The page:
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Employers’ capital option rights in regards to occupational benefits

Current BAG decisions from 17.01.2023

On January 17, 2023, the German Federal Labor Court (Bundesarbeitsgericht, BAG) dealt with employers’ capital option rights in two rulings when paying out company benefits. Until now, a tried and tested means of limiting risk on the employer side was the choice of a lump-sum payment. From now on, this will be significantly restricted in its application.

Legal classification: substitution power, not a choice obligation

The following clause was agreed on: “The employer reserves the right to pay a one-time lump-sum settlement instead of a current pension.” In both decisions, the BAG assumed that no elective debt pursuant to Section 262 of the German Civil Code (BGB) had been agreed to, but rather a power of substitution. Both pension commitments were subject to general terms and conditions review.

Insufficient capital amount makes capitalization unreasonable

In the first case, the pension commitment was made via a cushion-financed support fund. The amount of the lump-sum payment was to be 10 times the pensioner’s annual pension in accordance with the tax regulations of the support fund. The BAG judged the lump-sum payment in this amount to be not equal in value to the promised pension. The lump-sum payment was therefore unreasonable for the company pensioner within the meaning of Section 308 No. 4 BGB. The company pensioner will now receive a lifelong retirement pension.

Equal value capitalization possible in principle, but additional exercise of equitable discretion

In the second case, a direct insurance was made. It is noteworthy and at the same time positive for employers that the BAG in this case apparently considers the present value pursuant to Section 6a EStG to be a conversion method of equal value from pension to lump-sum benefit. This was unexpected, as the Section 6a EStG present value is determined using 6% actuarial interest and without taking into account any pension trend. It does not reflect – unlike the HGB present value, for example – the actual value of the obligation.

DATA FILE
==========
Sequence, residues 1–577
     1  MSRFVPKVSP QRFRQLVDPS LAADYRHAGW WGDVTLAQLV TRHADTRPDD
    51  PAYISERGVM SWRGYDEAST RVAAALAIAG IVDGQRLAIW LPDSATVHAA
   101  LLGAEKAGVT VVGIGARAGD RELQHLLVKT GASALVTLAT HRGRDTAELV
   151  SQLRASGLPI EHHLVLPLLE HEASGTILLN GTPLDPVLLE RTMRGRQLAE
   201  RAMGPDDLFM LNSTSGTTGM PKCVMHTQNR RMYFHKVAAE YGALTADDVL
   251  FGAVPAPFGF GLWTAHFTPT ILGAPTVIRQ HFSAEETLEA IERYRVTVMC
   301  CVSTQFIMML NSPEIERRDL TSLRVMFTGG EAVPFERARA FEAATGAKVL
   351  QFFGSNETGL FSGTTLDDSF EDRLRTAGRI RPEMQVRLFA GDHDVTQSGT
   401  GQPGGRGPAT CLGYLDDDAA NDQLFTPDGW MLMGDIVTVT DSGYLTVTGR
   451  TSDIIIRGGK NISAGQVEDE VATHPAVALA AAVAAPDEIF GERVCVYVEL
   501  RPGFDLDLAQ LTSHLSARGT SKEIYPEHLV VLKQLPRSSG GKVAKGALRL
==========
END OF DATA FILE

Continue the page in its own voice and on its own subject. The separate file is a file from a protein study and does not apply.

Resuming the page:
In addition to the equal value, in the opinion of the BAG, the exercise of the lump-sum option by the employer must be in accordance with equitable discretion (Section 315 (1) BGB). To this end, the interests of the employer and the company pensioner are weighed up. In particular, the employer’s interest in limiting its risks and reducing administrative expenses must be weighed. On the other hand, the interest of the company pensioner in lifelong protection must be taken into account. As the lower court (LAG Hamm) had not made any findings on the mutual interests, the BAG referred the legal dispute back to it.

Conclusion: More legal uncertainty when exercising capital options

In the future, the exercise and structuring of capital option rights (right of replacement) will be more difficult. This is due to the requirement of equal value and the balancing of the interests of the employer and the company pensioner. The employer’s interests in capitalization must outweigh the interests of the company pensioner in terms of lifelong provision. This increases the uncertainty as to whether a lump-sum option agreed at the outset can actually be exercised shortly before the benefits fall due.

In addition, it makes little difference whether a lump-sum option is agreed on from the outset or whether the lump-sum payment is to be determined at a later date. In both cases, the interests of both parties must be weighed up using equitable discretion, and in the case of a retrospective determination, additional justification must be provided in accordance with the principles of protection of legitimate expectations and proportionality.

The pending decision of the Higher Labor Court of Hamm is expected to provide initial guidance on the question of whether the employer can replace the pension with a lump-sum payment and how a lump-sum option is to be structured.

We recommend checking pension commitments for unilateral lump-sum options on the part of the employer and, if necessary, adjusting them as best as possible with regard to equal value and equitable discretion. We will be happy to assist you in this regard.

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